Aeromed Patient Had Torn Aorta Diagnosis Took 3 Hospital Trips; Plane Crash Still A Mystery
The patient killed in Monday’s air ambulance crash went to the emergency room three times in 24 hours before doctors discovered a serious heart problem, her daughter said.
Linda Fritts, 48, was barely conscious when medical workers at Our Lady of Lourdes Hospital in Pasco finally put her on a plane to Spokane, said daughter Cheri Fritts.
“Her last words were, ‘I love you guys, too,’ and she just closed her eyes again,” Fritts said. “Then they put her on the plane.”
The Aeromed plane crashed into an industrial building as it approached foggy Spokane International Airport, killing Fritts, the pilot and a nurse.
Only paramedic Harold Livingston survived. The Finley, Wash., man was in serious condition Wednesday at Harborview Burn Center in Seattle with burns covering nearly half his body.
Federal investigators who have spent the past two days combing the wreckage remain puzzled by the crash.
“A lot of evidence-gathering needs to be done,” said Jeff Guzzetti of the National Transportation Safety Board. “This one is a mystery right now but, hopefully, we’ll be able to solve it in time.”
Friends and relatives of Linda Fritts have their own unanswered questions.
They want to know why the diagnosis of a torn aorta was so slow in coming.
Fritts made two earlier trips to the Pasco hospital - on Sunday and again on Monday. The woman also called an ambulance to her Tri-Cities home and was treated there.
She complained about numbness in her arms and legs and pain in her esophagus but initially was advised to take antacids, family members said.
Fritts, a bookstore worker, was a healthy woman with no history of heart problems. She rarely saw a doctor and didn’t carry health insurance, said her daughter.
On Fritts’ final trip to the hospital, she was in an accident and a police officer drove her the rest of the way, Cheri Fritts said.
Cheri Fritts and her twin sister, Michelle, drove to Spokane to meet their mother at Deaconess Medical Center but learned the plane had crashed when they called ahead on a cellular telephone.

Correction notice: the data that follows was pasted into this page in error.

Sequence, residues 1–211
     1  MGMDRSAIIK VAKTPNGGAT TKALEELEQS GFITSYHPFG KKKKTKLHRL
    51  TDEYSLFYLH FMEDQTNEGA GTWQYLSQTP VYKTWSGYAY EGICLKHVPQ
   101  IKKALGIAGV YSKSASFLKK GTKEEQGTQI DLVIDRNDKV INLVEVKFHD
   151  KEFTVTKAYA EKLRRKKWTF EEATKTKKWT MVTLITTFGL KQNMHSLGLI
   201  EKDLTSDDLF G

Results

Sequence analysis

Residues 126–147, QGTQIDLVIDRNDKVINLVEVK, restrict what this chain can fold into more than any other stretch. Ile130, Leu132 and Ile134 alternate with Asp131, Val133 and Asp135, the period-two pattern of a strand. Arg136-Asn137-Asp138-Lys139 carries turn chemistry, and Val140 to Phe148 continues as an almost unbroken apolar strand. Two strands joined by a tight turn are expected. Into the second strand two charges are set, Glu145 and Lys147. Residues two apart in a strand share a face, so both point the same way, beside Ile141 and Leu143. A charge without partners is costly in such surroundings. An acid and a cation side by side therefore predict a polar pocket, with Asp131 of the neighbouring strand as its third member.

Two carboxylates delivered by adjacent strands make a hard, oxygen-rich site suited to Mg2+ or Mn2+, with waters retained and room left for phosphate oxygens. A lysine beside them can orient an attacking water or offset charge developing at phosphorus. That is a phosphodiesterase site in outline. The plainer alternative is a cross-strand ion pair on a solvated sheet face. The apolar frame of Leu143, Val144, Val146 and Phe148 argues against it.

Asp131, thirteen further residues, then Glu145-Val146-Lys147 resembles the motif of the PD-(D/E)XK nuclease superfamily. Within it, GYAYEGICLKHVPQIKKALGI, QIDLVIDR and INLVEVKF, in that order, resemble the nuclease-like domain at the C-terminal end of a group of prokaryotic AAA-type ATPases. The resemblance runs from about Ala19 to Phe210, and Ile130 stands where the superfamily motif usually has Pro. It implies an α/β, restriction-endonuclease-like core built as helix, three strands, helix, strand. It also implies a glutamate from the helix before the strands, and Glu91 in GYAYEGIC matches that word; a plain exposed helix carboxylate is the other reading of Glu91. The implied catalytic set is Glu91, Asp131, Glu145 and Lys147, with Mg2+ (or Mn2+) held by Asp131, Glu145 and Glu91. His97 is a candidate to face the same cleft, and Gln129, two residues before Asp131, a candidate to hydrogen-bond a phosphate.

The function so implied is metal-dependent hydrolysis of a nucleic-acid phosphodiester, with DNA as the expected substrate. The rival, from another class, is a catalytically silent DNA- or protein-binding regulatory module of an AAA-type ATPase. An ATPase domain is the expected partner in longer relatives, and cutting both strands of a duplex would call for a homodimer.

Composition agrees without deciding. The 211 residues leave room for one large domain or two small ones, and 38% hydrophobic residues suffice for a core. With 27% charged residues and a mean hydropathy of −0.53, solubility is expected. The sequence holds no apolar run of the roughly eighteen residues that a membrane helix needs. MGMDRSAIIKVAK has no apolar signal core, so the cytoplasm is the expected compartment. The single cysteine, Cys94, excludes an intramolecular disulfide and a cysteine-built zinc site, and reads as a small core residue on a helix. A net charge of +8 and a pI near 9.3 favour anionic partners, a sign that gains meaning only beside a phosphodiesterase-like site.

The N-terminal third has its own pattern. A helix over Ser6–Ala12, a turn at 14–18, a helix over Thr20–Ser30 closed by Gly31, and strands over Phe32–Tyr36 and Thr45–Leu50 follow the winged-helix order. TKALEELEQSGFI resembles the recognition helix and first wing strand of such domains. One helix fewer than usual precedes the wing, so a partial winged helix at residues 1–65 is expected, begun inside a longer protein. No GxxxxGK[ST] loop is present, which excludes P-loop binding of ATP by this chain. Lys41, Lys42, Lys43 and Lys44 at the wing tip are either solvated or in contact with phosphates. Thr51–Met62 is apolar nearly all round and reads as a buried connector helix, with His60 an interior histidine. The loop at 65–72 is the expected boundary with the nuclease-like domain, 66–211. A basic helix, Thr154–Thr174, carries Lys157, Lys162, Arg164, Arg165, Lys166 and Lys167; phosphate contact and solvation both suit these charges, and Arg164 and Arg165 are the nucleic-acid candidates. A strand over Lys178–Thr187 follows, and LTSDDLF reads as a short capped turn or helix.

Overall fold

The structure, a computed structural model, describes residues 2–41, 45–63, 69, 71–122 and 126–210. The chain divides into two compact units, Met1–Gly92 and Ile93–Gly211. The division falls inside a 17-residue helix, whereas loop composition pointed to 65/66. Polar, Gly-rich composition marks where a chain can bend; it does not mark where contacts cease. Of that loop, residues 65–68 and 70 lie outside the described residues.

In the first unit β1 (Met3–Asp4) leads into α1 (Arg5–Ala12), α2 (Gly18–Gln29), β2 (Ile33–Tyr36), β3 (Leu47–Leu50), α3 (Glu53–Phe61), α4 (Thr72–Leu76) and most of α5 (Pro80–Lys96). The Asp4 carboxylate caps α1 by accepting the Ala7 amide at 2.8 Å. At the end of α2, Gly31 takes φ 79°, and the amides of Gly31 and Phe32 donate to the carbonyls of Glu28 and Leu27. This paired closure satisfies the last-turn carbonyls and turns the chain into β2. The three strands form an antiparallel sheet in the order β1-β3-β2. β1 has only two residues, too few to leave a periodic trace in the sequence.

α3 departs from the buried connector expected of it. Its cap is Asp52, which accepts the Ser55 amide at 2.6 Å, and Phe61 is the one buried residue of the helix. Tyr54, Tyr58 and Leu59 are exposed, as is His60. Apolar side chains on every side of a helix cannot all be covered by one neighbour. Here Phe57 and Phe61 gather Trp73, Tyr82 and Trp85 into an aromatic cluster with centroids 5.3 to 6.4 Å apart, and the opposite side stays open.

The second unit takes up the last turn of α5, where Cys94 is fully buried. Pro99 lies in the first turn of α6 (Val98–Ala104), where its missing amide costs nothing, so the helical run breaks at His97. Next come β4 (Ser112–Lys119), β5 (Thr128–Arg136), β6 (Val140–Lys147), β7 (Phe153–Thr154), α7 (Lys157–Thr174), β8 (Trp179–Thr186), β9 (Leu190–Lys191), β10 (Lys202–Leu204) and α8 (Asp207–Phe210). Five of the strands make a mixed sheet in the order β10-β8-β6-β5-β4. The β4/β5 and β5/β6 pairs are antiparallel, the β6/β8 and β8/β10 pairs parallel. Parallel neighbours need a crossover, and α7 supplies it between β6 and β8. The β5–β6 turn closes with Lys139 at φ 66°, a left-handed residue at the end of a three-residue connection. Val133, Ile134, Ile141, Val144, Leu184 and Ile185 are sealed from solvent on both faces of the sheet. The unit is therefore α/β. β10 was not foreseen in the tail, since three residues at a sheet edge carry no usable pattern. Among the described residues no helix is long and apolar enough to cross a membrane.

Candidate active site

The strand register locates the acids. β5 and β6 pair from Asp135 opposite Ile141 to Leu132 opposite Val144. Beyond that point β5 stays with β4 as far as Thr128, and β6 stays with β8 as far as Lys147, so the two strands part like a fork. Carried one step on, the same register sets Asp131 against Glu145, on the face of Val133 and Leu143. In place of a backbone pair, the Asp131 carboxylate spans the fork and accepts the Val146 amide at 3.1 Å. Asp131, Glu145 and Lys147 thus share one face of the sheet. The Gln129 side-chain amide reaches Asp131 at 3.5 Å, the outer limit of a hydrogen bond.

Pasco hospital officials refused to discuss Fritts’ case Wednesday without the family’s written permission.
Co-workers described Fritts as a grandmother with an encyclopedic memory. She volunteered as a guardian ad litem in Juvenile Court.
“Her first and abiding interest was troubled adolescents,” said Cleo Scharf, a close friend.
In related developments Wednesday, investigators wrapped up their inspection of the plane’s wreckage at the Ace Tank & Equipment Co. building. Investigators are sending both engines of the Cessna 401 to a laboratory for tests.
Guzzetti said the right engine will be taken apart for inspection. Technicians will try to restart the left engine, which is nearly intact, to see if it works.
The navigational equipment was so badly burned that no useful information can be learned from it, Guzzetti said.
A small piece of metal was discovered near a wooden utility pole that was sheared off by the descending plane. It came from the underside of the left wing near the engine, suggesting that’s where the plane struck the pole before the crash.
A preliminary report is to be released next week, but the final report might not be available for six months.
Ace Tank, which manufactures tanks for gasoline and chemical products, still is waiting for an appraisal of damage to the building and its contents.
Bill Frers, the company’s branch manager, said most contract work is being shifted to Ace’s main office in Seattle. He said he hopes the welders would be sent to Seattle, too, so they can continue to work while repairs are made.